Running back Michael Bennett will miss some regular-season games this year, possibly the whole season, depending on his response to treatment for a Jones fracture in his foot. Bennett suffered a setback from his March surgery this week when it was discovered that a pin that was inserted had broken.

He will have another procedure performed in the next week and is hoping that will allow him to return to action sometime around midseason.

"I talked to Michael today and I’m excited that he is going to undergo a medical procedure that may give him an opportunity to return at some point during the 2003 season," Vikings head coach Mike Tice said in a statement. "Our first concern is for Michael’s well-being for the long term. This gives an opportunity for the rest of the backs on our team to step up and do what every player wants and that’s to compete."

If Bennett doesn’t respond to this procedure and therapy, he will be forced to undergo season-ending surgery sometime during the season.

In the meantime, the Vikings aren’t looking to sign another running back, instead giving Doug Chapman, Onterrio Smith and Moe Williams the opportunity to earn the starting job.

Claiborne has big plans for Vikings' D
Chris Claiborne, who came to the Vikings in a surprise offseason move via unrestricted free agency, has big plans for his new defense in Minnesota.

"I love it. I definitely love it," he said. "The off-season moves they made make the team better. Our team defensive goal is to be in the top 10 in defense."

Negotiations expected to begin soon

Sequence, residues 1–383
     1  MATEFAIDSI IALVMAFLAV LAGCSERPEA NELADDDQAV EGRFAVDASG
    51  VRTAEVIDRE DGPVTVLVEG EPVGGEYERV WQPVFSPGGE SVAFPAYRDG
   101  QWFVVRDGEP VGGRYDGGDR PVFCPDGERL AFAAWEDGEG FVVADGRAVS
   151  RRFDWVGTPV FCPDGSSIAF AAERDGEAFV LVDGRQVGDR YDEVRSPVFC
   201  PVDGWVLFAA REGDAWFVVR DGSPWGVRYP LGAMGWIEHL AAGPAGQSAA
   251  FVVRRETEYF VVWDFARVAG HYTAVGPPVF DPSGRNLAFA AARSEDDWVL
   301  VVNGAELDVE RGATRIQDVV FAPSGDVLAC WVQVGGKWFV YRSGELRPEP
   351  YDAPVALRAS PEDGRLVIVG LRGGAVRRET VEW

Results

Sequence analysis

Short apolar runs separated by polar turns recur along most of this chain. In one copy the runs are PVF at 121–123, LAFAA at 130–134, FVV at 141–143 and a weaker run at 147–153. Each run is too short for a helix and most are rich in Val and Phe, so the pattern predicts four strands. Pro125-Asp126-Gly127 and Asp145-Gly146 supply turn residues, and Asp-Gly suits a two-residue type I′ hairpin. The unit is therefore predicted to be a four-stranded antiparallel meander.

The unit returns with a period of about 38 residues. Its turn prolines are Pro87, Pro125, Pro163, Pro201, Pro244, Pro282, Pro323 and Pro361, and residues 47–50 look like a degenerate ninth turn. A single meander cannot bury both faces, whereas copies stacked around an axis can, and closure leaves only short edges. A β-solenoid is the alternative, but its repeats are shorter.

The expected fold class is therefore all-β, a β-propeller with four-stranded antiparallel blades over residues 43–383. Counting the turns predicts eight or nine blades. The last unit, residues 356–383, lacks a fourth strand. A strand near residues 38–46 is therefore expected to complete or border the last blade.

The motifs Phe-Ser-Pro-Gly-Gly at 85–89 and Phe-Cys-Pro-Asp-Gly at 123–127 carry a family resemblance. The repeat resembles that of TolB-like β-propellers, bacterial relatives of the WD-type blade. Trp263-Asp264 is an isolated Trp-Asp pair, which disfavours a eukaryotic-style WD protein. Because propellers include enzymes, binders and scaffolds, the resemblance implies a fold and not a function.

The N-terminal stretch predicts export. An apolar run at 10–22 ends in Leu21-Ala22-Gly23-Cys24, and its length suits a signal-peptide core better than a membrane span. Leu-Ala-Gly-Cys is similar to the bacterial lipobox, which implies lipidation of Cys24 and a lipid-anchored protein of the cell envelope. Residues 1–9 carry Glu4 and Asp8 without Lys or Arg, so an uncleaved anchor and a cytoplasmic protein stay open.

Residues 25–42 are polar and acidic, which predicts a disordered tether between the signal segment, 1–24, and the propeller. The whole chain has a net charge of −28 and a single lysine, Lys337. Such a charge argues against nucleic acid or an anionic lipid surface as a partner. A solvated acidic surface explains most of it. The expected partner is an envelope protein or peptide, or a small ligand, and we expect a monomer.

Vikings first-round draft choice, defensive tackle Kevin Williams, came to mini-camp in prime shape. And while there is a limit to what you can discover about a guy when the practices are sans pads, Williams made enough of an impression -- both with his quickness and his work ethic -- that coach Mike Tice is said to be intent on not allowing another holdout this year.

Of course, that's not all up to him. It's up to owner Red McCombs, who will sign the checks, to director of football operations Rob Brzezinski, who will negotiate for the Vikings, and William's agent, Tom Condon.

Getting a deal done won't be easy. Condon is a tough negotiator. And then there is the matter of which slot, money-wise, Williams will be fit into.

You remember the routine. The Vikings allowed the clock to expire on their No. 7 pick, allowing two teams to jump in front of them before finally taking Williams at No. 9. Now, the Vikings said Williams was their guy all along, that they were only trying to trade down to 10 to get both Williams and a couple draft picks.

So where does he get paid? At No. 7, where the Vikings were slotted to pick, or at No. 9, where he actually was picked? Condon didn't waste much time coming out and saying he intended to try to get Williams no. 7 money -- even though the actual No. 7 pick, Byron Leftwich, is his client as well.

This process will not be easy, but look for it to get done. Insiders are saying there is a good chance the two sides will end up compromising at money commesurate with the No. 8 pick overall. In any event, Tice has made it clear that his team cannot come out of the gate strong with another key player holding out; last year's stumble out of the gate, which was made worse by injuries along the offensive line, doomed Tice's first season as head coach.

Negotiations should begin in earnest shortly after the Vikings front office staff returns from vacation following the July 4 holiday.